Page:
The election-year clout of veterans was demonstrated yesterday as the House and Senate, by almost unanimous votes, overrode President Carter's veto of a Veterans Administration physicians' pay raise bill.
The vote was 401 to 5 in the House and 84 to 0 in the Senate. Sponsors of the legislation in both bodies said the president was just plain wrong in his analysis of the bill.
Carter vetoed the bill, saying it would cost $80 million a year and would give some VA physicians 38 percent bonuses, giving them salaries of $76,200 a year -- 30 percent more than the top pay for military physicians. But Sen. Alan Cranston (D-Calif.), chairman of the Senate Veterans Committee, said the cost would be closer to $40 million. The biggest pay increase would be 23 percent and military doctors would still be paid more, he said.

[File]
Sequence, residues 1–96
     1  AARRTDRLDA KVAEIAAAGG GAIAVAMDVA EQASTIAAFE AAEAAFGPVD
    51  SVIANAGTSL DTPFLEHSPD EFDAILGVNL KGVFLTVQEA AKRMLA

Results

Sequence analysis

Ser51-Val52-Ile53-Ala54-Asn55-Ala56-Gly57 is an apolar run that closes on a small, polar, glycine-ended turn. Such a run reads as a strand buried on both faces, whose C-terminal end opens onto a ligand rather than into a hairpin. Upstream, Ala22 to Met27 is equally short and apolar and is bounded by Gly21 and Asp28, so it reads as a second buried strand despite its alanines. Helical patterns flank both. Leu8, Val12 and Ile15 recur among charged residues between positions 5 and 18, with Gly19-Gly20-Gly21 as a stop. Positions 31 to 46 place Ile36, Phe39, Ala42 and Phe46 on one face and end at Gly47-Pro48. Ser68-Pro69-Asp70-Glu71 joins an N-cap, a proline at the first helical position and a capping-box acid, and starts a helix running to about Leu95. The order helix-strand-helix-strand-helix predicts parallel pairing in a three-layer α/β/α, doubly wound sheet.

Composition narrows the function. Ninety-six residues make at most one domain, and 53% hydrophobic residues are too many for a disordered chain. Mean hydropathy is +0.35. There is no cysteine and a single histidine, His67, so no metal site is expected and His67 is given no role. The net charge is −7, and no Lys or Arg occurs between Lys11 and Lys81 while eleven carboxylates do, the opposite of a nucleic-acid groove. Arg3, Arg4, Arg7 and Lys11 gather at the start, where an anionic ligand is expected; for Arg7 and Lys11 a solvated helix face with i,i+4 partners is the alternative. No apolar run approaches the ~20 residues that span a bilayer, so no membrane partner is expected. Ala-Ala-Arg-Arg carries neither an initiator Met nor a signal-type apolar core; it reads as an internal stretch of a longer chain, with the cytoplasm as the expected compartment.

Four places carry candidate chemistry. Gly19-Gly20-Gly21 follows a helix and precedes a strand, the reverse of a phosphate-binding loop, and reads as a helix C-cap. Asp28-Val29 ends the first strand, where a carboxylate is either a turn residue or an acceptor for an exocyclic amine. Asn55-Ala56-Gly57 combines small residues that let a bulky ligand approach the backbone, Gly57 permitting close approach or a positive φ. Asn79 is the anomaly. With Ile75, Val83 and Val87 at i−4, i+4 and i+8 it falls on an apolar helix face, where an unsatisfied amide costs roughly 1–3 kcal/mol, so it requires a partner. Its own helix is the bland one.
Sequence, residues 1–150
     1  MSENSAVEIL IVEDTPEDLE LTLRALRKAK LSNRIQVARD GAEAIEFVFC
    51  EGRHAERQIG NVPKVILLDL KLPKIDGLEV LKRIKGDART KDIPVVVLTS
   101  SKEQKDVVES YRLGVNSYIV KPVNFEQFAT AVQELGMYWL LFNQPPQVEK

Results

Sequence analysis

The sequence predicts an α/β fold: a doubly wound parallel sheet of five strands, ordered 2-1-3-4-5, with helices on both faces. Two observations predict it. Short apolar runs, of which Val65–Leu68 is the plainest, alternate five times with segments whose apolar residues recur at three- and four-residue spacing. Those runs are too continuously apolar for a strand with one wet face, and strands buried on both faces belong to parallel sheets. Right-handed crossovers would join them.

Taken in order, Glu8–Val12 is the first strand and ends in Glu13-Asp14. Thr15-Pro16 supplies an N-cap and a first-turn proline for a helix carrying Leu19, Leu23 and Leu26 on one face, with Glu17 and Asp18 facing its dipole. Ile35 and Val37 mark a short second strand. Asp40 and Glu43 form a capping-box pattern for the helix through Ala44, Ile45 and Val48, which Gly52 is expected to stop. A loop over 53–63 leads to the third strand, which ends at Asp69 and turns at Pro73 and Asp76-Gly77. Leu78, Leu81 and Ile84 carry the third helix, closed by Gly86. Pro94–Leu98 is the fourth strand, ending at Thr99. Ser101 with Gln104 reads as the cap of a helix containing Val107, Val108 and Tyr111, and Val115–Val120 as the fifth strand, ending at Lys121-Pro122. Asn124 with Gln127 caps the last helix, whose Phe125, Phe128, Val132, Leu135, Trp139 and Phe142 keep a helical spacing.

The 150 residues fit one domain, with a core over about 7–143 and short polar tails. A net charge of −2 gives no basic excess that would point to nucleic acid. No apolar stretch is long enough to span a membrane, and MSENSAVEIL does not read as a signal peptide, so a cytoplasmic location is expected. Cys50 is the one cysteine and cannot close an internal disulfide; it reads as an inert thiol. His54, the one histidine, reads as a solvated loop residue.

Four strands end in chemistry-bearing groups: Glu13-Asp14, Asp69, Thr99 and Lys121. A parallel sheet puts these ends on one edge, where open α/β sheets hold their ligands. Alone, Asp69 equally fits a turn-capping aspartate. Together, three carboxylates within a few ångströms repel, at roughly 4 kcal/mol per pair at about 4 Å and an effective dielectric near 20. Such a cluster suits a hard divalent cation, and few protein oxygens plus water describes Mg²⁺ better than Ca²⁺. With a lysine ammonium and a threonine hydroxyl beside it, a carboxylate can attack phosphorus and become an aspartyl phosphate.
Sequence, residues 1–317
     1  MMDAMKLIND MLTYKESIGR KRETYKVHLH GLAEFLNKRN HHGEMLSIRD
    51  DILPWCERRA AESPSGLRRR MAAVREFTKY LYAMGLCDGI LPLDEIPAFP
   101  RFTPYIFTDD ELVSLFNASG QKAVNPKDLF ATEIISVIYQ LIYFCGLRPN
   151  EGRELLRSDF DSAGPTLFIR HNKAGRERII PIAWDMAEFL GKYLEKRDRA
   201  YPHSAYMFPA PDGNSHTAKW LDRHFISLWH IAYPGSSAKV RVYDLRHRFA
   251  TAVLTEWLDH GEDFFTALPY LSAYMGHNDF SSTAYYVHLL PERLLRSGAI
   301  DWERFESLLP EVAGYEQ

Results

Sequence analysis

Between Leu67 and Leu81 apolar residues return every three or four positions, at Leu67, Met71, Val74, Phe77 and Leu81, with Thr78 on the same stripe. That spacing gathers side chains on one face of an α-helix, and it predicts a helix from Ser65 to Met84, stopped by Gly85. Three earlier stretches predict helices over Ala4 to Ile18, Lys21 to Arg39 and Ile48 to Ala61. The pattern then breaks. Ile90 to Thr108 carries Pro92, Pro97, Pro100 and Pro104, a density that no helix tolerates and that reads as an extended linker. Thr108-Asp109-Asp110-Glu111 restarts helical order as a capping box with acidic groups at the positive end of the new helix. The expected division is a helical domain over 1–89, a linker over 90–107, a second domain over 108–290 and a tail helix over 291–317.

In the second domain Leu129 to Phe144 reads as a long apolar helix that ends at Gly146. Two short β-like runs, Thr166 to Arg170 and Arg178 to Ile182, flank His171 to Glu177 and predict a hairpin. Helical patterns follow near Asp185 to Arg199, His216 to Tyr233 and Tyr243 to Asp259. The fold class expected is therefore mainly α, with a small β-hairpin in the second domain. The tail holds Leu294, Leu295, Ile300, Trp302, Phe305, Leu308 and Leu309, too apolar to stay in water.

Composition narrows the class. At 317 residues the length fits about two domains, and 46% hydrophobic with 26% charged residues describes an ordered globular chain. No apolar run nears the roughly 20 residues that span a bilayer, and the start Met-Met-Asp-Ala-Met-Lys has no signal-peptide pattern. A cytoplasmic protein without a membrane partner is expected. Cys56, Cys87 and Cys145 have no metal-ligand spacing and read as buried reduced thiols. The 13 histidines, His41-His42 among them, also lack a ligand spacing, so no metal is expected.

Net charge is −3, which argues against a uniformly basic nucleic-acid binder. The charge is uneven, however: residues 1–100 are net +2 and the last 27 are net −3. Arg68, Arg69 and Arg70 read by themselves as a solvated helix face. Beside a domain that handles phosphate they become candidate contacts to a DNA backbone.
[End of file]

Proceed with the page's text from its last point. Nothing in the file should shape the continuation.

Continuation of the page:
Rep. Ray Roberts (D-Tex.), House Veterans Committee chairman, said more than 400 VA hospital beds have been closed because of a shortage of doctors. Roberts said he was "puzzled" by the veto. Rep. Margaret Heckler (R-Mass.) said the veto "confounds my imagination" in view of a shortage of more than 700 VA doctors. The Paralyzed Veterans of America hailed the action as permitting the VA to compete for the best qualified medical personnel and to fill medical vacancies.